Series: EmberSchool Samples: Introduction to Routing

Finding Records with URL Parameters

Published on Jul 06, 2016

URL Parameters can be used to specify which records you want used on a page. Learn how to do this manually, then see how it matches up with Ember's intelligent defaults.

Code

//in router.js
this.route('food', {path: 'foods/:food_id'});
//templates/food.hbs
My food is {{model.name}}
//routes/food.js
export default Ember.Route.extend({
  //this is equivalent to the default
  model(params){
    return this.store.findRecord('food', params.food_id);
  }
})

Transcript

The last video showed us how to use a parameter in the url. Now we’ll go with a more realistic example. So we’ll have a food route, and it will be at foods, and then we’ll give the id of the food. If we go and create a template, then we’ll see that our food has been put in the model, and here we’re calling .name to get the food name. And sure enough if we put in the id 1, then we get Tacos. So this is a little bit more mysterious than the last one. How do we turn an id of 1 into the word tacos or more specifically the object which has the value of tacos at its name key?

The answer of course is in the route that is auto-generated for us. So we’ll generate a route and recreate that. So we can define a new model method and it’ll take params. And what we’re going to do here is we’re going to go to the store. And previously on foods, plural, we’ve called findAll, but there’s another method on the store called findRecord, and that finds one record and it takes two arguments. It’ll take the type of record, it’s the same as before, and then it’ll take the id of that record, which you could put in just as an integer or you could take from the params. So this is what’s there by default if you don’t define the model method on the route. So once again hurray for good defaults. We’ll go ahead and leave this one in here as a reminder, but leave a comment.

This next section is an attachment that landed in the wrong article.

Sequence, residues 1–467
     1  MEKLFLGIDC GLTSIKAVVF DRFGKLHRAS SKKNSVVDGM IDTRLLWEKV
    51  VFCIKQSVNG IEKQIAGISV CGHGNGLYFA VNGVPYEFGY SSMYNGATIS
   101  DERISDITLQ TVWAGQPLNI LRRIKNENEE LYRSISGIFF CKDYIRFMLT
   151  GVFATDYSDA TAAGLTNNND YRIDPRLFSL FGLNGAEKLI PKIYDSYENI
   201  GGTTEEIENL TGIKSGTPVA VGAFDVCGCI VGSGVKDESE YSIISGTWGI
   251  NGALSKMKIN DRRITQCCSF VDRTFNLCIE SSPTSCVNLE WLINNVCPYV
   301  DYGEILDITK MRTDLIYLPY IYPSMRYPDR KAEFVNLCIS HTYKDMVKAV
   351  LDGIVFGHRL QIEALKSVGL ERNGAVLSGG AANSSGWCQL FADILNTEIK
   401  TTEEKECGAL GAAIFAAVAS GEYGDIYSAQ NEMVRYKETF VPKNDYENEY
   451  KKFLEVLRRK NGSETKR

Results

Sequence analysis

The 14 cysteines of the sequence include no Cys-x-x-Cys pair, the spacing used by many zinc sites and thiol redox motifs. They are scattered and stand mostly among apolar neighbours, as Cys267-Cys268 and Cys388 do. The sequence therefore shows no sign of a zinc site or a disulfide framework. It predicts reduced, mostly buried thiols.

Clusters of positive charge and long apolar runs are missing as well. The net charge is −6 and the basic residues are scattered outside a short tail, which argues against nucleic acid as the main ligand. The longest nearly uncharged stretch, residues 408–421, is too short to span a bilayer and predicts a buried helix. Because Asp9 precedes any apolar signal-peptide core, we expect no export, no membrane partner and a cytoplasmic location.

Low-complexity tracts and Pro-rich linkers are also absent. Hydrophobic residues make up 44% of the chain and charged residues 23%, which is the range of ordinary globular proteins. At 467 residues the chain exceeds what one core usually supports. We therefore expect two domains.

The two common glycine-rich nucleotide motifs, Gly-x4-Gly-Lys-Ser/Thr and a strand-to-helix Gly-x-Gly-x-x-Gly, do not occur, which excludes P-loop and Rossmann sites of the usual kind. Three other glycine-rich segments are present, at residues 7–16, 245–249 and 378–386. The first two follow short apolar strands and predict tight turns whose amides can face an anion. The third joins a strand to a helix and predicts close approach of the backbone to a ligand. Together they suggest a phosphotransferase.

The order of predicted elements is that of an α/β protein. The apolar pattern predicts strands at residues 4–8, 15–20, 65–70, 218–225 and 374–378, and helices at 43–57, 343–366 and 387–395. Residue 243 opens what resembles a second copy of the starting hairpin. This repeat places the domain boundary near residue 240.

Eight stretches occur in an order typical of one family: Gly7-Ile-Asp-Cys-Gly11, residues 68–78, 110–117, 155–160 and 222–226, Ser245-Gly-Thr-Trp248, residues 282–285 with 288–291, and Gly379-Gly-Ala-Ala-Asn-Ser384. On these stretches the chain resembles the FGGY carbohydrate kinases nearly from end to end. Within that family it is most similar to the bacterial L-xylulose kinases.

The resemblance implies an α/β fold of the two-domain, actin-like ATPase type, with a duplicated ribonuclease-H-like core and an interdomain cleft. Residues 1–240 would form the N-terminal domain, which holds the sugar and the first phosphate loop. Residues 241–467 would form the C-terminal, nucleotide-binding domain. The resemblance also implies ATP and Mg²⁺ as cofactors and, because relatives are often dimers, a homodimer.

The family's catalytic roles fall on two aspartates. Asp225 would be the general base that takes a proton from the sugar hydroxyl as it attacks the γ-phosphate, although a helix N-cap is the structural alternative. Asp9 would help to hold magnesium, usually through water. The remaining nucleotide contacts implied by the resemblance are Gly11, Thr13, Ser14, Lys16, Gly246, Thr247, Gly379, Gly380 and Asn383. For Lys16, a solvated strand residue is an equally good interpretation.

So let’s say we wanted to link-to the food route. Would this be enough? No, it would not. Well it does put a link there. Clicking on it does nothing. What we need to do is add a second argument to food. And here we go, we’ll just pass in the object. Now when we click on this, it’ll take us to the correct page.

You can also put in the id of the food instead of just the object. The difference here is that food.id will definitely go through this model method, whereas if you pass in the object directly, it’ll skip the model method. So we’ll show this by messing it up and seeing that it will still work when we click on that link. But then when we reload it’ll rely on the model method and not work. Okay, now let’s get the model method back to normal.

So what we’ve learned in this video is that ids that are passed in to a route with the name of a model are automatically used to find that model with that id. Then we learned that link-to requires another parameter that gives either the id or the object. Finally, this sort of page which shows one of a certain type of item is sometimes called a show page. This is because when you have a lot more data, this is typically where you show the more detailed data about that model.

EmberSchool Samples: Introduction to Routing

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